With most plays, as far as the audience is concerned, what happens backstage stays backstage. After watching one of his own farces from the wings, English playwright Michael Frayn had an epiphany— the drama behind the drama could be very funny. The Cape Playhouse’s “Noises Off” hits the mark, maximizing Frayn’s organized bedlam and laugh-out-loud zaniness.
The term “noises off” is a theatrical stage direction calling for sounds coming from offstage. The comedy is a play within a play performed in three acts. The first and longest act introduces the actors and the characters they play in the bawdy farce “Nothing On” (which is repeated in each act). During the dress rehearsal, it quickly becomes clear the traveling acting troupe is not ready for opening night. The next two acts take place on their tour around England, with relationships becoming strained.
Keep in mind, most of the real-life actors have two roles to develop and keep straight: playing an actor in “Noises Off” and a character in “Nothing On.” The possible confusion for actor and audience alike is all part of the fun.
Longtime Playhouse favorite Jennifer Cody portrays Dotty, who is playing the overwhelmed housekeeper in “the show.” The exacting director (Jeremy Webb) becomes even more exasperated as Dotty can’t remember what to do with her props (mainly an absurd plate of sardines), before she exits through one of many doors in the stately English home (scenic design by David L. Arsenault).
Knowing the owners are on holiday, a business associate (John Scherer) sneaks in a young woman (Heidi Gardner from “Saturday Night Live”) for an afternoon tryst. Unexpectedly, the owners (David Patterson and Janine Lamanna) come home early. Throwing another wrench into the outrageous mix, Philip Goodwin plays the bumbling thief who has trouble breaking in on cue.
Chaos delightfully reigns as the actors quickly go in and out of the various doors, moving items around, like the plate of sardines, comically unaware of anyone else in the house. The cast is rounded out by Poppy (Taylor Galvin), the nervous stage manager and Craig Wesley Divino, who plays the eager-to-help stagehand.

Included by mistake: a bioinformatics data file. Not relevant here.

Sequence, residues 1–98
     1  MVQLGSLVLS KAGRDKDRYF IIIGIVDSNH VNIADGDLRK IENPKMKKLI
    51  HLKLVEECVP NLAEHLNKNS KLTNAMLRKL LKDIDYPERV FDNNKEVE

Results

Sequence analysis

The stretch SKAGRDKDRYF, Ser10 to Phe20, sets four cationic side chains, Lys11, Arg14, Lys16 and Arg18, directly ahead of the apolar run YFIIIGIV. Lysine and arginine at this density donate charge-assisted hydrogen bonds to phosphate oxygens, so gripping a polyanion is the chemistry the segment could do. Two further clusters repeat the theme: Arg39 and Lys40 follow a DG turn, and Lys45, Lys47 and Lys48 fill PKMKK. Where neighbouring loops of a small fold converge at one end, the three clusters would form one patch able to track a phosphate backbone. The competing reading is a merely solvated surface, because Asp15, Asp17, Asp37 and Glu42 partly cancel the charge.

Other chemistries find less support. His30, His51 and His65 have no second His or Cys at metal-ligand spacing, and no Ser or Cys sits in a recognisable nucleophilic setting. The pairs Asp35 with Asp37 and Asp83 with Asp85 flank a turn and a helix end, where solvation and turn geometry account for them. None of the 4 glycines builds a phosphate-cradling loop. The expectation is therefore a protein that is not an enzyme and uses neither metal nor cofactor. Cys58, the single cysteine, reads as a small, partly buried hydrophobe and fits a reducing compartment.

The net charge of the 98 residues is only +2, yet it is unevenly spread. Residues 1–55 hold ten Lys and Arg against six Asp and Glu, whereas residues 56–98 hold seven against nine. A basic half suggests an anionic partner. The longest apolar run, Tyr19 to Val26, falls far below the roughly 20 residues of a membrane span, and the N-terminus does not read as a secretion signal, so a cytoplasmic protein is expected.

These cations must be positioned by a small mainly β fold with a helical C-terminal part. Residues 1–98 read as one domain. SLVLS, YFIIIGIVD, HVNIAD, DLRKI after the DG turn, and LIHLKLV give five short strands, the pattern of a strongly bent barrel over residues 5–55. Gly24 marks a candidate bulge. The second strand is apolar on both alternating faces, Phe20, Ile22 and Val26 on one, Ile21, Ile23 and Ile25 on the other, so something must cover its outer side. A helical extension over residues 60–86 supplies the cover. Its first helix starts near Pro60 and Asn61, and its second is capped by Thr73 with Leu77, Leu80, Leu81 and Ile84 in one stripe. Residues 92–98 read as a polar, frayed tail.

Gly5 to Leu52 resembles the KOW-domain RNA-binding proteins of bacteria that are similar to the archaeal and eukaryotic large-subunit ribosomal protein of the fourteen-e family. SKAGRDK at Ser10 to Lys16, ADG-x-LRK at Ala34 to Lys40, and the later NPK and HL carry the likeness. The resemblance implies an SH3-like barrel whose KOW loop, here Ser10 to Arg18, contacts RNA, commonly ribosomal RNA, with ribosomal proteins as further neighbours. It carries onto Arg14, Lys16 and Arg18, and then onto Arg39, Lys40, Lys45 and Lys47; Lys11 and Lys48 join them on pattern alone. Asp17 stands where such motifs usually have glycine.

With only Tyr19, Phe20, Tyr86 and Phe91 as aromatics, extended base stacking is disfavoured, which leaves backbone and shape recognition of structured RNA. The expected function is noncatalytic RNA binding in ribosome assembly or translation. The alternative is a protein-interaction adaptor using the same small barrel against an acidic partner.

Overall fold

In the second act, the elaborate set is completely rotated, enabling the audience to see what goes on backstage of “Nothing On.” The timeframe is a month later, new affairs have sprung up among the cast members and jealousy ensues, creating crazy antics while they perform the show.
In the last act, the set revolves back to normal, but now the audience has been behind the scenes and is in on all of the gags. “Nothing On’s” tour is coming to an end and the cast is on their last legs. In this act, the farcical romp quickly comes to an entertainingly chaotic climax.
“Noises Off” is all about timing and remembering the many differences between acts, some very subtle and some completely new, like when Scherer hilariously falls down the stairs in the third act. Even with the countless details, director Jeffry Denman maximizes the farce’s madcap pace.
The cast masterfully works together like a well-oiled machine. Of special note, Gardner is ideal as the ditsy blonde. She spends much of the show poised in her underwear, never altering her rehearsed blocking, not even if a flustered actor is unexpectedly behind her instead of in front. Additionally, Patterson seamlessly switches between an American accent and a British one, all the while acting with his pants down around his ankles for much of the show.
Many plays are billed as comedies, but often only a smattering of chuckles are heard from the audience. On opening night, the Playhouse’s “Noises Off” produced peals of laughter throughout the theater, especially when the ubiquitous plate of sardines was involved.
At The Cape Playhouse, Route 6A, Dennis
Through Aug. 17
Information and reservations: 877-385-3911